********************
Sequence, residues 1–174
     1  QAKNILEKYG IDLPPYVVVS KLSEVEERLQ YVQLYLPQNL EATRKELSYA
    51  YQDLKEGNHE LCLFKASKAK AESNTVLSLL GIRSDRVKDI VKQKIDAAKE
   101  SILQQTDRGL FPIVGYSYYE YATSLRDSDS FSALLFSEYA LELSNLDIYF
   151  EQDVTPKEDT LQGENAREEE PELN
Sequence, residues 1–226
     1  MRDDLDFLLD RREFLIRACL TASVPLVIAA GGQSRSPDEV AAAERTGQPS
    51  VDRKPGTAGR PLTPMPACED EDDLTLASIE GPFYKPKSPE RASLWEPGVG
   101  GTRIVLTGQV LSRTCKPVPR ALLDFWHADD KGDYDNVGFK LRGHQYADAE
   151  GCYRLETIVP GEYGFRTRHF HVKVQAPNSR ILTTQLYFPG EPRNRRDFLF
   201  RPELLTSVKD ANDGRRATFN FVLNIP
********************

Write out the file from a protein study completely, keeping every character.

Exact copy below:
Sequence, residues 1–174
     1  QAKNILEKYG IDLPPYVVVS KLSEVEERLQ YVQLYLPQNL EATRKELSYA
    51  YQDLKEGNHE LCLFKASKAK AESNTVLSLL GIRSDRVKDI VKQKIDAAKE
   101  SILQQTDRGL FPIVGYSYYE YATSLRDSDS FSALLFSEYA LELSNLDIYF
   151  EQDVTPKEDT LQGENAREEE PELN
Sequence, residues 1–226
     1  MRDDLDFLLD RREFLIRACL TASVPLVIAA GGQSRSPDEV AAAERTGQPS
    51  VDRKPGTAGR PLTPMPACED EDDLTLASIE GPFYKPKSPE RASLWEPGVG
   101  GTRIVLTGQV LSRTCKPVPR ALLDFWHADD KGDYDNVGFK LRGHQYADAE
   151  GCYRLETIVP GEYGFRTRHF HVKVQAPNSR ILTTQLYFPG EPRNRRDFLF
   201  RPELLTSVKD ANDGRRATFN FVLNIP